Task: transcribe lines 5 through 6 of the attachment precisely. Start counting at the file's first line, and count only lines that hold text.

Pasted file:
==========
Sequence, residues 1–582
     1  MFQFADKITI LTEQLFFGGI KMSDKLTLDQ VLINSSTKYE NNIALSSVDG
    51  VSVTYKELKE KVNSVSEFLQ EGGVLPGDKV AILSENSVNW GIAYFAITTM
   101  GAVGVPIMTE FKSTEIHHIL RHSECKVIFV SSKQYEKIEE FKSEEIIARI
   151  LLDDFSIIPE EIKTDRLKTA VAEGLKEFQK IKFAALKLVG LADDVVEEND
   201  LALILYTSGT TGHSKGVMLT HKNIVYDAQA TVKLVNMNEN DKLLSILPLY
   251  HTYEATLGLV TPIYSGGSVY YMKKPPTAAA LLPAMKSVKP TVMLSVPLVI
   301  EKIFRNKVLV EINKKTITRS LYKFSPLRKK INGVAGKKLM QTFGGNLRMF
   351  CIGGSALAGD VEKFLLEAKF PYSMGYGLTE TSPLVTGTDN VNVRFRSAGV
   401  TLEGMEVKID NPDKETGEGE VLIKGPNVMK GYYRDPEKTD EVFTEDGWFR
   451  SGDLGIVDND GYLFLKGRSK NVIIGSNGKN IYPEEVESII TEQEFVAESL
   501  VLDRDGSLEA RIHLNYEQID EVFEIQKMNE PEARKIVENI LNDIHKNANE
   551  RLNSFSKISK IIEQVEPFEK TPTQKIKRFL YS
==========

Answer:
   151  LLDDFSIIPE EIKTDRLKTA VAEGLKEFQK IKFAALKLVG LADDVVEEND
   201  LALILYTSGT TGHSKGVMLT HKNIVYDAQA TVKLVNMNEN DKLLSILPLY